The Financial Action Task Force (FATF) Plenary on February 23 decided to put Pakistan back on the “grey list,” subjecting it to direct monitoring and intense scrutiny by the International Co-operation Review Group (ICRG) on terror financing, pending further review in June.
The FATF decision was by consensus, after days of closed-door discussions within the 37-member group, sources said. Although the nomination did not find a mention in the formal statement released by the global money laundering/terror-financing watchdog, diplomats and officials privy to the development confirmed it.
Pakistan had been on the same list from 2012 to 2015.
Pakistan will, under a “Compliance Document,” now be required to furnish a fresh report to the International Co-operation Review Group (ICRG). Accordingly, the country will undergo a review at the next Plenary in June, when it would be presented a full action plan on how it is expected to crack down on terror groups banned by the UN Security Council.
The move was pushed by four nominating countries, the U.S., the U.K., Germany and France. In mid-January, they had written to the FATF stating that even though Pakistan had an anti-money laundering/anti-terror funding regime in place, effectiveness of the implementation was inadequate.
Some countries pointed out that Pakistan’s actions had only come because of recent FATF pressure, and it would be counter-productive to let it off the hook just when the pressure was producing results.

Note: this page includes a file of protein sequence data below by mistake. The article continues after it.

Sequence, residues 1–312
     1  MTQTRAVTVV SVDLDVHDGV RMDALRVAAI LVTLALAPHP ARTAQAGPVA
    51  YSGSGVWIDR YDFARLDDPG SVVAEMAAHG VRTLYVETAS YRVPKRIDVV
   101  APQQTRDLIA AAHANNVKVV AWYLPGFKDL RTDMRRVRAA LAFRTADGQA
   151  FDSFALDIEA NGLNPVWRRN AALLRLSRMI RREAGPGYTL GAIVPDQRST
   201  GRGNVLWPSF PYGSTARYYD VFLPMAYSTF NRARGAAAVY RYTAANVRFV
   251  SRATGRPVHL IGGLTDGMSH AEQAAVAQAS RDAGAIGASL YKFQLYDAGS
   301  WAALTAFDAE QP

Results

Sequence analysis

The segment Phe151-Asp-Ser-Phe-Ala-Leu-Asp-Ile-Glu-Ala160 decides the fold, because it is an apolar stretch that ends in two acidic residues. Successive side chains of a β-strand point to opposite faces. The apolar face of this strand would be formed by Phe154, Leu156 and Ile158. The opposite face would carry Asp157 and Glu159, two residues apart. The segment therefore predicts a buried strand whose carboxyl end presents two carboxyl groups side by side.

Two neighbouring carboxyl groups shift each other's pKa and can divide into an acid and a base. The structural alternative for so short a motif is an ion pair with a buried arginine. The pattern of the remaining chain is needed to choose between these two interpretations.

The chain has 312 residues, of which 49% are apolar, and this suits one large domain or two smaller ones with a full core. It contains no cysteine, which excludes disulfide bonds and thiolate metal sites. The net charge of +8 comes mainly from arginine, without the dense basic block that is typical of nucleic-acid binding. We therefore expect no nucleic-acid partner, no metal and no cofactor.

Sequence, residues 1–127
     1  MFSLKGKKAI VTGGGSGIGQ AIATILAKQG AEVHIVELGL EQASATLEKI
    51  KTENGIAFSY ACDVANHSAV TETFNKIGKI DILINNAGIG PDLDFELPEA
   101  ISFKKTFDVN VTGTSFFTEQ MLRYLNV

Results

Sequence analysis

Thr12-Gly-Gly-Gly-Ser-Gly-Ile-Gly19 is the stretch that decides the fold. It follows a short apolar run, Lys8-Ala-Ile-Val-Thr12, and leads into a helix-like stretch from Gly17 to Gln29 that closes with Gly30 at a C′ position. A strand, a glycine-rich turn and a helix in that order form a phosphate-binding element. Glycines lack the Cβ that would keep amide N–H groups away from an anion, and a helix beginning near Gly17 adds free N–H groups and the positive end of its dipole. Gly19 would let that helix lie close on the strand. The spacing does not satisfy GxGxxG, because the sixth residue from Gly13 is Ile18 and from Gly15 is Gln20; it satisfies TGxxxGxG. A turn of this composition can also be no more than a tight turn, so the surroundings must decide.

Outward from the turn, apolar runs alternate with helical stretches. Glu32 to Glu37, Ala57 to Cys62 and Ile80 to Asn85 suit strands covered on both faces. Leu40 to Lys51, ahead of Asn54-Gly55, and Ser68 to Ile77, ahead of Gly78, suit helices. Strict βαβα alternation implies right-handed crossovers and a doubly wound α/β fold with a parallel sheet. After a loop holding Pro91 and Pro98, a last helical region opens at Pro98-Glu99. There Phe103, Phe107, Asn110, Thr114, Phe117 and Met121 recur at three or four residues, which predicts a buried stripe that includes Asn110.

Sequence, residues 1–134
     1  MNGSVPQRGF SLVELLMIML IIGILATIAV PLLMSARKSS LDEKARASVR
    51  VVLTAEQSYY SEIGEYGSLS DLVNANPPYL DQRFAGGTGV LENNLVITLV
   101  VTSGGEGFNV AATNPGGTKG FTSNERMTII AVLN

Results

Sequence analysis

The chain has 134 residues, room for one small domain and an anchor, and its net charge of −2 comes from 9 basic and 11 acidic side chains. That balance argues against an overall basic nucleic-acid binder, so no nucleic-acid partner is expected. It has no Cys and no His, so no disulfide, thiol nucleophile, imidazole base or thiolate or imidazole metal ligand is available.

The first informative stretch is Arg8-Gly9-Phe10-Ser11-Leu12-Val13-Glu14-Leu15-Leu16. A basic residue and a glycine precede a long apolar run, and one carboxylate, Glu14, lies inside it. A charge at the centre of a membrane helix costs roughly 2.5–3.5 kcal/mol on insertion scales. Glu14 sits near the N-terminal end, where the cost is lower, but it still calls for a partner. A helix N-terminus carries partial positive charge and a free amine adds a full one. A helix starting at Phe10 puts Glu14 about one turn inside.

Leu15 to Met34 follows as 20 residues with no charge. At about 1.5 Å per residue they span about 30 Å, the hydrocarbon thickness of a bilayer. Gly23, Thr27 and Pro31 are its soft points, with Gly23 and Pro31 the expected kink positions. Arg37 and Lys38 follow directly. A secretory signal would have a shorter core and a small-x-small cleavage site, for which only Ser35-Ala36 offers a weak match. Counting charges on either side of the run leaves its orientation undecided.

Meanwhile, a rally by LeT chief Hafiz Saeed, and the Khyber Pukhtunkhwa state’s decision to raise funding for Haqqani group-linked seminaries over the week didn’t help Pakistan’s case, said Western diplomats.
Earlier this week, Pakistan had claimed victory in the ongoing FATF meeting, as a preliminary discussion in the ICRG failed to build a consensus on putting it again on the watch list, after China, Turkey, Saudi Arabia and GCC countries objected to Pakistan’s nomination. However, U.S. and Indian officials had called the claim “premature” and said a final decision was still to come.
Informed sources said that behind the scenes, the U.S. worked hard to bring Saudi Arabia around, Germany worked on the GCC, while India was able to speak to Russia. According to the sources, China may have been incentivised to help because it had become Vice-Chair of the FATF committee, and would like to play a responsible role at the international grouping.
At the end of the Plenary session, when the FATF Chair asked, there were no objections to the nomination of Pakistan, a move that could see it face financial strictures, and ratings downgrades by international banking and credit rating agencies until Islamabad carries out a full crackdown on terror groups. It was another tweet, this time from Pakistani Interior Minister Ahsan Iqbal who thanked Turkey for “standing with Pakistan as one” and didn’t mention any others, that confirmed the final outcome.